Many Kiwis just can’t imagine Qantas using its influence in the interests of our travellers, no matter what the rules are. You can call it a healthy respect for Australian business methods.
I want to step back now and have a look at the wider relationship between Australia and New Zealand.
I place a great deal of importance on a friendly, integrated relationship with Australia. New Zealand has developed a mindset that different aspects of international relationships can be treated as separate and discrete - different boxes for different issues and none connected to the other
This tendency developed in the late 1980s as New Zealand dealt with the effects of passing anti-nuclear legislation on defence and economic relationships with our Australia and the US
New Zealand like Australia has nuances in its national interests on trade, defence, foreign affairs, welfare, immigration, security and intelligence. The pieces don’t always fit, but they are part of the same jigsaw.
But we should acknowledge the connections between these issues.
Because that’s how other countries see it.
In the late 90s, New Zealand and Australia were involved together in a 5-way free trade process with America. We were both very near the top of the list.
That’s changed now. Australia is still near the top - listed as high priority in the US 10 point Trade Action Agenda detailed by Trade Ambassador Robert Zoellick recently. New Zealand is not.
The current New Zealand Government has performed reasonably well on free trade issues - often in the face of opposition from their coalition partners and within their own caucus and party.
The US has now made a clear linkage between New Zealand’s status as a friend, not an ally, and our low priority on the FTA list.
We want an FTA with the US. We will have to consider the implications of the new US view.
From New Zealand it looks like Australia will face some difficult issues completing an FTA with the US whenever it starts. A US CER agreement was the ideal but is now unlikely. It’s vital for NZ that we do achieve an FTA, including agriculture, if we are to grow our economy at least as fast as Australia.
I want to turn now to defence.
I have already referred to Bali and its significance in Australia. Just as New Zealand needs to understand that significance, so we need to understand better Australia’s strategic view, and its defence policy.
Recent decisions to scrap our air combat wing, to not upgrade our Orions and to move to a two-frigate navy have earned criticism here. Greg Sheridan, writing in “The Australian” said "Kiwis are taking their allies for a ride: New Zealand should be condemned for abrogating its defence responsibilities".
"Cancellation of the F16s will also re- establish Wellington's reputation as an utterly unreliable, flakey player in security, with no strategic compass, no grip, no sense of responsibility."
This doesn’t convey respect, and it wouldn’t be hard to find an equally robust New Zealand view of Australia.
We need to build more mutual respect, deeper then the diplomatic official language.
Hugh White, of the Australian Strategic Policy Institute gives a different point of view
In a speech in New Zealand, he recently pointed out the obvious - that we can overstress our closeness when in fact our size and geography mean there are real differences.
So we should expect to see differences in defence policies. New Zealand is in effect shielded by Australia. New Zealand’ can afford its cheaper defence policy only because Australia carries so much of the regional burden. I can’t imagine an Australian using words commonly used in New Zealand; for instance that New Zealand occupies “an incredibly benign strategic environment”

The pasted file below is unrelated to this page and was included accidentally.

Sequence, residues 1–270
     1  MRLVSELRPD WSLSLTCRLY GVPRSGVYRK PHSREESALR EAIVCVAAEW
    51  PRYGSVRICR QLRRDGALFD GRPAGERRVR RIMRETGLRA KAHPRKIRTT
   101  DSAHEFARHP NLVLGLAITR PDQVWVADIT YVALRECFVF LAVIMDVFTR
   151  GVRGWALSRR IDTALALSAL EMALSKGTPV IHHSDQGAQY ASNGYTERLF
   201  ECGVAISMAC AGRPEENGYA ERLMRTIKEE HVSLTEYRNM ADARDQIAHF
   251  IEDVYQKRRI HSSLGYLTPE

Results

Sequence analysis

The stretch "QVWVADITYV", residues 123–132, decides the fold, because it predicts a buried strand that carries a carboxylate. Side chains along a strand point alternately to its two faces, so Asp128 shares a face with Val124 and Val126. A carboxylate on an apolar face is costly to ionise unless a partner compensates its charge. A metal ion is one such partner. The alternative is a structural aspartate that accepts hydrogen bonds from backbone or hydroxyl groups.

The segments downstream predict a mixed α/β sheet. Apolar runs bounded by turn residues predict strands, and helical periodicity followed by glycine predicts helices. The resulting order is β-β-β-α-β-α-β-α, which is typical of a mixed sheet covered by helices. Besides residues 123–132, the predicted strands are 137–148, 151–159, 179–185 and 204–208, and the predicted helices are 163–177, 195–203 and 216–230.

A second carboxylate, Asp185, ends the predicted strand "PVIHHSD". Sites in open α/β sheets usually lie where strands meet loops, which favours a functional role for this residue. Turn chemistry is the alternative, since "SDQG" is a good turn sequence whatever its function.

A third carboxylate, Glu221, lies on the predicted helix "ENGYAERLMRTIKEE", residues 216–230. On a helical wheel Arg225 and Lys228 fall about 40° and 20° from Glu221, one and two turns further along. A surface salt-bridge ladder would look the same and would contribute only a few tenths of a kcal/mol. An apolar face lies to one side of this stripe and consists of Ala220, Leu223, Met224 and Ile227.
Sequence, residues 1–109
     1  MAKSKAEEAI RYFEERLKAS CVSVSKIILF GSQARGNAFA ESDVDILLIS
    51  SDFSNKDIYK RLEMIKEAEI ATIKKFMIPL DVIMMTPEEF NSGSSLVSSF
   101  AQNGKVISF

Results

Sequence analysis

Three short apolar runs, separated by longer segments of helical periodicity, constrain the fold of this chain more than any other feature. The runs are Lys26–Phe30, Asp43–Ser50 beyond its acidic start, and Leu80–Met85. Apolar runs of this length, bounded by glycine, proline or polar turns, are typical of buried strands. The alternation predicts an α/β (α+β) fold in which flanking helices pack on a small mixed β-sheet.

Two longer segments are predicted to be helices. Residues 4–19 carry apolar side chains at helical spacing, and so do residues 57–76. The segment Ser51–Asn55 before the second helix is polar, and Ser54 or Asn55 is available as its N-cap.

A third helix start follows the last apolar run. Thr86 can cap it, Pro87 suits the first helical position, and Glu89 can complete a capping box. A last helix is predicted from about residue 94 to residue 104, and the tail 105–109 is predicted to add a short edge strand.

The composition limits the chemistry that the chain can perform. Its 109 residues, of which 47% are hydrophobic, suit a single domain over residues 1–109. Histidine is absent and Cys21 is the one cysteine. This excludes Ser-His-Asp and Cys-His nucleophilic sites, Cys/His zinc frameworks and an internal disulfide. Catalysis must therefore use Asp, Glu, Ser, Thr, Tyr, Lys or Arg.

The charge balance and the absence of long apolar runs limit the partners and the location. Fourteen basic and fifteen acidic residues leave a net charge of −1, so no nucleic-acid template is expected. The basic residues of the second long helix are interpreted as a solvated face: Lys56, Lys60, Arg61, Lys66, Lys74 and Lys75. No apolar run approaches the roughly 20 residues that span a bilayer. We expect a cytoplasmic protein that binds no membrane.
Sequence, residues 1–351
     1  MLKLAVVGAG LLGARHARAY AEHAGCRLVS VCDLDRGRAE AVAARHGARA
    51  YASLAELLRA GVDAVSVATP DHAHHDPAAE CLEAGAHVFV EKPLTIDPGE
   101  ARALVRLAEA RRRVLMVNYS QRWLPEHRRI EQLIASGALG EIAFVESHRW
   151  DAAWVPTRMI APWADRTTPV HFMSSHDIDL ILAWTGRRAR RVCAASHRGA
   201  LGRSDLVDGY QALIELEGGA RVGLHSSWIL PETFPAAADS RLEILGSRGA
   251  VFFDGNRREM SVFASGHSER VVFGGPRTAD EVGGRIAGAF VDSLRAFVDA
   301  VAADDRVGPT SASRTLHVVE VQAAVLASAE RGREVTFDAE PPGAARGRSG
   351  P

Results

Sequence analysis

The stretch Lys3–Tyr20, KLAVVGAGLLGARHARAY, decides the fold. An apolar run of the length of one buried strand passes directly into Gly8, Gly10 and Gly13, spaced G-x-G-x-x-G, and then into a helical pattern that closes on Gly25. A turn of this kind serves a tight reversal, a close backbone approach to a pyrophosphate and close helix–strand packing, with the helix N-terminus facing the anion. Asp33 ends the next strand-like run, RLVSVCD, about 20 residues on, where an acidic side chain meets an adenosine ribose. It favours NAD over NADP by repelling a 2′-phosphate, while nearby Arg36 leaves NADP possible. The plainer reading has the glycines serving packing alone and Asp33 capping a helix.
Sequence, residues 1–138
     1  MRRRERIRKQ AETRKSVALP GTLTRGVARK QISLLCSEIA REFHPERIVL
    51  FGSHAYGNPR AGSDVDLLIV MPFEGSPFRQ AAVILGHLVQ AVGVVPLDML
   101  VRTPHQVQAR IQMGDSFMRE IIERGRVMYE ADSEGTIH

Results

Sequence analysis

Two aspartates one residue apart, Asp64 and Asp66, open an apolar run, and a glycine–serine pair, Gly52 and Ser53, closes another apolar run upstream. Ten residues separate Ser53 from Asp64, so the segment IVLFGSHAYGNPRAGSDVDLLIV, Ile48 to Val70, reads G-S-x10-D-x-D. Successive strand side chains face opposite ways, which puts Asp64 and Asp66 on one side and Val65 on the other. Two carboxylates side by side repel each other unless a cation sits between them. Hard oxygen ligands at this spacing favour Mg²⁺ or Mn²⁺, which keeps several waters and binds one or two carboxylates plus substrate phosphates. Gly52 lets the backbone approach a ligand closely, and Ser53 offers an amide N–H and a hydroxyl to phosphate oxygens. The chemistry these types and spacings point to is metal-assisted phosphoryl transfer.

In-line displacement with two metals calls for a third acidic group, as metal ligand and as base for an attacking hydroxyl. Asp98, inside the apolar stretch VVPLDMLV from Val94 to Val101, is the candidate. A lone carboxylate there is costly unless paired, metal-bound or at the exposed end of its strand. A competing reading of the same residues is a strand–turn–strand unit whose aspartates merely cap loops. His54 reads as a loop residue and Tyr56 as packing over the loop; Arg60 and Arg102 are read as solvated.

This assumption continues to operate in a post-September 11 and post-Bali world although New Zealanders are more concerned than they were about the danger of terrorist attack at home.
Australians see this as a narrow definition of our strategic environment. They feel our world and our region is a more dangerous place since September 11.
It also seems to Australians that New Zealand assumes someone else will back us up.
Now, it is likely that someone will - and it will probably be Australia,
New Zealand needs to understand this point of view, that we might covered by insurance but not paying the full premium.
It’s for that reason that my party advocates a closer defence relationship with Australia and commitment to a credible contribution to regional defence. We should take account of Australia’s role, and its point of view even if we our location means we don’t have to.
New Zealand’s contribution to East Timor shows we can make a credible commitment that reflects our common strategic interests.
In the War on Terrorism, we are a single strategic entity with Australia. A threat to one is a threat to both. An attack on one is an attack on both.
If something serious happened in Australia, like a terrorist bombing - and I hope it never happens - every New Zealander would want us there and supporting you strongly.
I agree with Hugh White who says that we can have a common view on significant issues in our region.
He argues that Australia and New Zealand had broadly similar views on the three key issues in our region, namely:
· A constructive relationship between the US and China
· the importance of democracy working in Indonesia, and
· the need to support island states which are currently struggling.
There are some differences in the sense that Australia’s emphasis is likely to be more on Indonesia, while we will tend to focus on the Pacific Islands.
It is certainly in New Zealand’s interest to understand more about Australia than the way the NRL finds its grand finalists. Our economic strategic and demographic interests could diverge, or we could work our together.
We both need to get under the cliché’s and the assumptions if we want to achieve closer co-operation.
With better understanding and mutual respect Australia and New Zealand could work more closely together than we do now on matters which will preoccupy this part of the world for the next few decades.